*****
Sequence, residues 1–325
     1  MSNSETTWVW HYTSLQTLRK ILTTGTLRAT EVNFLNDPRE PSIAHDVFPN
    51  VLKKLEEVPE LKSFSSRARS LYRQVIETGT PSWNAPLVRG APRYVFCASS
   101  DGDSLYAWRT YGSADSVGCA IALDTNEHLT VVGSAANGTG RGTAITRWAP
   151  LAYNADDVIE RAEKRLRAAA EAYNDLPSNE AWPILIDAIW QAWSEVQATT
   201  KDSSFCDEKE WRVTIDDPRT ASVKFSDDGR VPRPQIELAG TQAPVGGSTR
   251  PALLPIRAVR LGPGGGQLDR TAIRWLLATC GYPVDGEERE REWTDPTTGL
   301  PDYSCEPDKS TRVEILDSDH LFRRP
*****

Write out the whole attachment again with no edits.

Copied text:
Sequence, residues 1–325
     1  MSNSETTWVW HYTSLQTLRK ILTTGTLRAT EVNFLNDPRE PSIAHDVFPN
    51  VLKKLEEVPE LKSFSSRARS LYRQVIETGT PSWNAPLVRG APRYVFCASS
   101  DGDSLYAWRT YGSADSVGCA IALDTNEHLT VVGSAANGTG RGTAITRWAP
   151  LAYNADDVIE RAEKRLRAAA EAYNDLPSNE AWPILIDAIW QAWSEVQATT
   201  KDSSFCDEKE WRVTIDDPRT ASVKFSDDGR VPRPQIELAG TQAPVGGSTR
   251  PALLPIRAVR LGPGGGQLDR TAIRWLLATC GYPVDGEERE REWTDPTTGL
   301  PDYSCEPDKS TRVEILDSDH LFRRP